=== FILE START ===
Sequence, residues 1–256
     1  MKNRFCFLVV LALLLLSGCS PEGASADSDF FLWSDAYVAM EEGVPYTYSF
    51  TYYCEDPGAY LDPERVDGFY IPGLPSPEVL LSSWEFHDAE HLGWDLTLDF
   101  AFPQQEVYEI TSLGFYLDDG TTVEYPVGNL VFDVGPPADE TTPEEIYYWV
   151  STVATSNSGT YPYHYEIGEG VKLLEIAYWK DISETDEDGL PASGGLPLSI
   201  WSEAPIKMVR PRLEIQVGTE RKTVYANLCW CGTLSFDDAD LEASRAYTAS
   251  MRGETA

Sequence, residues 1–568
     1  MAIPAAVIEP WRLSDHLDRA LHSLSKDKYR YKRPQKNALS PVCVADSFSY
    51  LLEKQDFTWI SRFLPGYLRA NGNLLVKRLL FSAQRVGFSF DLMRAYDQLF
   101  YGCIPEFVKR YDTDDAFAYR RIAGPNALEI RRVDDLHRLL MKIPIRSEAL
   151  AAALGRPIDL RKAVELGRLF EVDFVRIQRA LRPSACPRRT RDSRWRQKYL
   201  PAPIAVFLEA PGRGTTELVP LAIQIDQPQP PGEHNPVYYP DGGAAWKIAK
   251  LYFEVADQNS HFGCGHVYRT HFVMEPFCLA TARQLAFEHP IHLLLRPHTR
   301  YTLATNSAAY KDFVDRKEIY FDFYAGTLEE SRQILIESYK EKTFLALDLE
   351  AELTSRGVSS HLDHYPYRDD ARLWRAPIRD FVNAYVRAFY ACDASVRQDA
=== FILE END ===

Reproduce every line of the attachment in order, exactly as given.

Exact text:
Sequence, residues 1–256
     1  MKNRFCFLVV LALLLLSGCS PEGASADSDF FLWSDAYVAM EEGVPYTYSF
    51  TYYCEDPGAY LDPERVDGFY IPGLPSPEVL LSSWEFHDAE HLGWDLTLDF
   101  AFPQQEVYEI TSLGFYLDDG TTVEYPVGNL VFDVGPPADE TTPEEIYYWV
   151  STVATSNSGT YPYHYEIGEG VKLLEIAYWK DISETDEDGL PASGGLPLSI
   201  WSEAPIKMVR PRLEIQVGTE RKTVYANLCW CGTLSFDDAD LEASRAYTAS
   251  MRGETA

Sequence, residues 1–568
     1  MAIPAAVIEP WRLSDHLDRA LHSLSKDKYR YKRPQKNALS PVCVADSFSY
    51  LLEKQDFTWI SRFLPGYLRA NGNLLVKRLL FSAQRVGFSF DLMRAYDQLF
   101  YGCIPEFVKR YDTDDAFAYR RIAGPNALEI RRVDDLHRLL MKIPIRSEAL
   151  AAALGRPIDL RKAVELGRLF EVDFVRIQRA LRPSACPRRT RDSRWRQKYL
   201  PAPIAVFLEA PGRGTTELVP LAIQIDQPQP PGEHNPVYYP DGGAAWKIAK
   251  LYFEVADQNS HFGCGHVYRT HFVMEPFCLA TARQLAFEHP IHLLLRPHTR
   301  YTLATNSAAY KDFVDRKEIY FDFYAGTLEE SRQILIESYK EKTFLALDLE
   351  AELTSRGVSS HLDHYPYRDD ARLWRAPIRD FVNAYVRAFY ACDASVRQDA